The murderers, both 19-year-old, Adel Kermiche and Abdel Malik Petitjean, shared their support for ISIL in a video on social media. Having been prevented twice from joining ISIL in Syria, Kermiche was known to authorities, awaiting trial on terror charges and wearing an electronic monitoring bracelet that was deactivated for a few hours every morning as per standard practice.
Charleroi machete attack, 6 August 2016
Around 4:00 p.m. on 6 August 2016, a man attacked two female police officers with a machete at a checkpoint in front of the police headquarters in Charleroi, Belgium, before being shot dead by a third officer at the scene. ISIL claimed responsibility for the attack, committed by a 33-year-old Algerian man who had a criminal record and had been in Belgium illegally.
Applying selected criminal theories
One can apply several criminal theories to lone wolf terrorism and the radicalization process, which research has proven to be associated with grievances and social and familial networks rather than poverty. Lone wolf terrorists often feel disenfranchised and marginalized as a minority in the areas that they live in. Many also have a history of mental illness and are susceptible to influence.
General Strain Theory
People have similar aspirations, but do not have the same opportunities or abilities to achieve these. When people fail to achieve their own and society’s expectations of money, status, and acceptance through approved means such as hard work and delayed gratification, they may respond to this strain through crime, especially when anger, resentment, and frustration is present.
Social Disorganization Theory
A person’s physical and social environments are primarily responsible for the behavioral choices that he or she makes. In particular, a neighborhood that only has informal social structures is more likely to encourage and sustain a criminal culture. Such a neighborhood may have poor schools, vacant and vandalized buildings, high unemployment, substance use, gangs, and a mix of commercial and residential property. There is no collective efficacy or will to act against disorder and crime.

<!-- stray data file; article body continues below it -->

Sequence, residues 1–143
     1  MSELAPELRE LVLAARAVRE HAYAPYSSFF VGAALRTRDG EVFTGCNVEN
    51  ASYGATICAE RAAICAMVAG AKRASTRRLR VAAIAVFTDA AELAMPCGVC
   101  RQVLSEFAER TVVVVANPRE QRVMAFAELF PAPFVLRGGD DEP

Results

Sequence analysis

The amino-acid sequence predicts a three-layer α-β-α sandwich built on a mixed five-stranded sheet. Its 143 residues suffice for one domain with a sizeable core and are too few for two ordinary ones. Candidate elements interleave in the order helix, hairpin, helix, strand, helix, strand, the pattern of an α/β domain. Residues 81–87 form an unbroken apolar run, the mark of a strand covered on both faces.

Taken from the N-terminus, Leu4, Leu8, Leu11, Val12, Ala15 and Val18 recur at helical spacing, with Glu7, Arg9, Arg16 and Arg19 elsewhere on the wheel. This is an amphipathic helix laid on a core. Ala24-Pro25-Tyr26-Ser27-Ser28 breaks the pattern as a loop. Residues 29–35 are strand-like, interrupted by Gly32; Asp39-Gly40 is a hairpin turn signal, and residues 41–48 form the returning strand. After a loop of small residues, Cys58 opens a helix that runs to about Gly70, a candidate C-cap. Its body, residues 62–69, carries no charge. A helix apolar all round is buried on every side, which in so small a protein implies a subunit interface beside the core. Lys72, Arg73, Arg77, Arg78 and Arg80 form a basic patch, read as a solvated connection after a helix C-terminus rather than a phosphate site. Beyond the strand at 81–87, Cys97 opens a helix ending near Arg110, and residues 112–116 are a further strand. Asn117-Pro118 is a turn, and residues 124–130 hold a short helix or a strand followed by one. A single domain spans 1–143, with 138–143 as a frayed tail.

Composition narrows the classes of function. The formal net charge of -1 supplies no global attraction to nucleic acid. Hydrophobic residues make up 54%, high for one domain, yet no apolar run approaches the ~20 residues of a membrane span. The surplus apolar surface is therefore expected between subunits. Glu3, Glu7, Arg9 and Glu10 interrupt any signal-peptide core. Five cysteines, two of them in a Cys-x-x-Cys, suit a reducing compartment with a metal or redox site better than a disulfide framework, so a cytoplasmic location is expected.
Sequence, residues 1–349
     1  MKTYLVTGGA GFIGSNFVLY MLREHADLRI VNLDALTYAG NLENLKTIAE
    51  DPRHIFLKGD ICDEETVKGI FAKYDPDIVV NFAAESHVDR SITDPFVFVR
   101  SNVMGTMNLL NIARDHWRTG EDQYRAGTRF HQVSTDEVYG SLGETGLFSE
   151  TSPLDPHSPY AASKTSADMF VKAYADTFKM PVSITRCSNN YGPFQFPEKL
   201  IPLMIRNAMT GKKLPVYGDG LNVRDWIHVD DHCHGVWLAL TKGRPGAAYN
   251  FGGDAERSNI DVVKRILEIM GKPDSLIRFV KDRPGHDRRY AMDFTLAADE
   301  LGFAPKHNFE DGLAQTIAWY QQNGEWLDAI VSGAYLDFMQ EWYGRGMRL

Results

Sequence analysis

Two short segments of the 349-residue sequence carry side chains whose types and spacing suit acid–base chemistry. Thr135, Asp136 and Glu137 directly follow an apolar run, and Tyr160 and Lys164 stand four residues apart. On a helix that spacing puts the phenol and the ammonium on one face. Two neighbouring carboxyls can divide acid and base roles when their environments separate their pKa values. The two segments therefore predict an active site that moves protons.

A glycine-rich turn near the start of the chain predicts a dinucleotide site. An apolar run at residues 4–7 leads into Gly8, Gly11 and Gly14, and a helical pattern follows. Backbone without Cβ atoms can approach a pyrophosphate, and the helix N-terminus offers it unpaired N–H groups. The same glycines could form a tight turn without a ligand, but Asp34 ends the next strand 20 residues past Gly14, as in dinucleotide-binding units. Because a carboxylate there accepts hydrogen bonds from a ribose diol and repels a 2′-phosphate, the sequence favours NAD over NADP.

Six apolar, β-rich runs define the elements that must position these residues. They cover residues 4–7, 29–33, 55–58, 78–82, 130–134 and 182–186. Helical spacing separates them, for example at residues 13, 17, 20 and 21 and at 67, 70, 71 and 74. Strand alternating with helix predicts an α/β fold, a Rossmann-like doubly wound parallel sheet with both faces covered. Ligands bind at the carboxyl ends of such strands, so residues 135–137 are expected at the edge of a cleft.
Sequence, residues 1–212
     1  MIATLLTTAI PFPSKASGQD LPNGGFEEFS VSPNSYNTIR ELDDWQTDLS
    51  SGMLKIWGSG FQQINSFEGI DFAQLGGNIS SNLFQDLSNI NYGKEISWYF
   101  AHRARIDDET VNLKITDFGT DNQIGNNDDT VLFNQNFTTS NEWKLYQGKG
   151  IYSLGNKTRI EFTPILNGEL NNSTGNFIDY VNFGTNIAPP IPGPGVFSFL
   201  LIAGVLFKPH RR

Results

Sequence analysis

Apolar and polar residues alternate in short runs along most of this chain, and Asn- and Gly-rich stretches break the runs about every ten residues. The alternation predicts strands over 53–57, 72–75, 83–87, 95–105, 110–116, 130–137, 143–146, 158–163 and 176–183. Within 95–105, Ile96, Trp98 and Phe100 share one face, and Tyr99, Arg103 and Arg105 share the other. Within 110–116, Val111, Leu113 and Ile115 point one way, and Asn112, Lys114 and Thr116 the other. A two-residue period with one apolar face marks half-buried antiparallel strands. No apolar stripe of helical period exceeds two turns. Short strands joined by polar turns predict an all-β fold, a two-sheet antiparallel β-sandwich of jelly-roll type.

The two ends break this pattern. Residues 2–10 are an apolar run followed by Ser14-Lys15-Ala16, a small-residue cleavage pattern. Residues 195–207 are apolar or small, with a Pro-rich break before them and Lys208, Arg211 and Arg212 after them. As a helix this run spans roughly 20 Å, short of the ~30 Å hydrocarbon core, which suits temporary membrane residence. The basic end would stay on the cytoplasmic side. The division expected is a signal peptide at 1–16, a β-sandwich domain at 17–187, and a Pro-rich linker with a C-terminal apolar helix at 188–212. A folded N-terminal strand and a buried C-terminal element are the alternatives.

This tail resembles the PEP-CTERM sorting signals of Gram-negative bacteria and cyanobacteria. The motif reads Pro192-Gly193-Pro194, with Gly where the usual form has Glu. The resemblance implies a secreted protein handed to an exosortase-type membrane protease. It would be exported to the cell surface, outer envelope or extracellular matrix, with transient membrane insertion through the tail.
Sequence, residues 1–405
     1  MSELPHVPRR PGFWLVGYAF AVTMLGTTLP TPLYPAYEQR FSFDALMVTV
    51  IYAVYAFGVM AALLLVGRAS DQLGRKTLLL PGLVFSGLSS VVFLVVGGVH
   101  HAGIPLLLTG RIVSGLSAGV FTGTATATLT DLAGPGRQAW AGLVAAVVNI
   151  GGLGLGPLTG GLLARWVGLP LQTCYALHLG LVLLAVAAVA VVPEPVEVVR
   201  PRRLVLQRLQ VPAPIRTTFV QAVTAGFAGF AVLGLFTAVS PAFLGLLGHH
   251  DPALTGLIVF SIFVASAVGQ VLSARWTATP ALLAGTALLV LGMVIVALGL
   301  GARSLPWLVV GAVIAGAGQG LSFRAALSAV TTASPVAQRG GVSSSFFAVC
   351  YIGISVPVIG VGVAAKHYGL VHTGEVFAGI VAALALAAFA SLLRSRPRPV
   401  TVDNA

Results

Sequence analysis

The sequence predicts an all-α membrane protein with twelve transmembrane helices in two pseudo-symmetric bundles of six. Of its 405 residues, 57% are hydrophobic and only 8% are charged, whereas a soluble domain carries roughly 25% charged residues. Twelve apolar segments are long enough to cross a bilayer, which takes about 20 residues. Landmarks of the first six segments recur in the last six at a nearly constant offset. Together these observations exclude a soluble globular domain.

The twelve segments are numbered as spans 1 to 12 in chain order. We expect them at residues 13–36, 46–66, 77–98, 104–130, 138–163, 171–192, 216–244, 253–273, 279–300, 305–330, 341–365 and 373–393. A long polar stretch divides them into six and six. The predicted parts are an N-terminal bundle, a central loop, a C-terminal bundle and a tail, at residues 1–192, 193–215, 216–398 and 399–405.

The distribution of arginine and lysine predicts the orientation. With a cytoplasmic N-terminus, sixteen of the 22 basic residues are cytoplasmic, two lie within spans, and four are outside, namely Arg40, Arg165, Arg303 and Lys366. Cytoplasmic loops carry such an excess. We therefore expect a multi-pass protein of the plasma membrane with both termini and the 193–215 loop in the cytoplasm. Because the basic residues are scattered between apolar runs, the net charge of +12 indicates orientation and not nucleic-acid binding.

People in power decide which acts qualify as crimes, and the act of labeling someone a criminal is therefore what makes him a criminal. Once a person is labeled and stigmatized as a criminal, which reinforces his criminal identity, society takes away his conventional opportunities, which may lead to continued criminal behavior in the absence of “normal” integration and acceptance.
Personality and Trait Theory
Personality, psychopathology, and individual traits reflect personal beliefs, emotions, abilities, attitudes, and behaviors that bilaterally interact with the environment. These behavioral and cognitive schemas develop from childhood and become stable over time. There are specific personality traits (e.g. psychopathy and antisocial) that are associated with criminal behavior, usually in association with co-existing conditions such as trauma, aggression, and substance abuse.
In conclusion, when one digs deeper, many lone wolf attacks appear to be nothing of the sort. External influence and encouragement seem to initiate a radicalization process among those who are already susceptible because of psychological instability or feeling frustrated and aggrieved.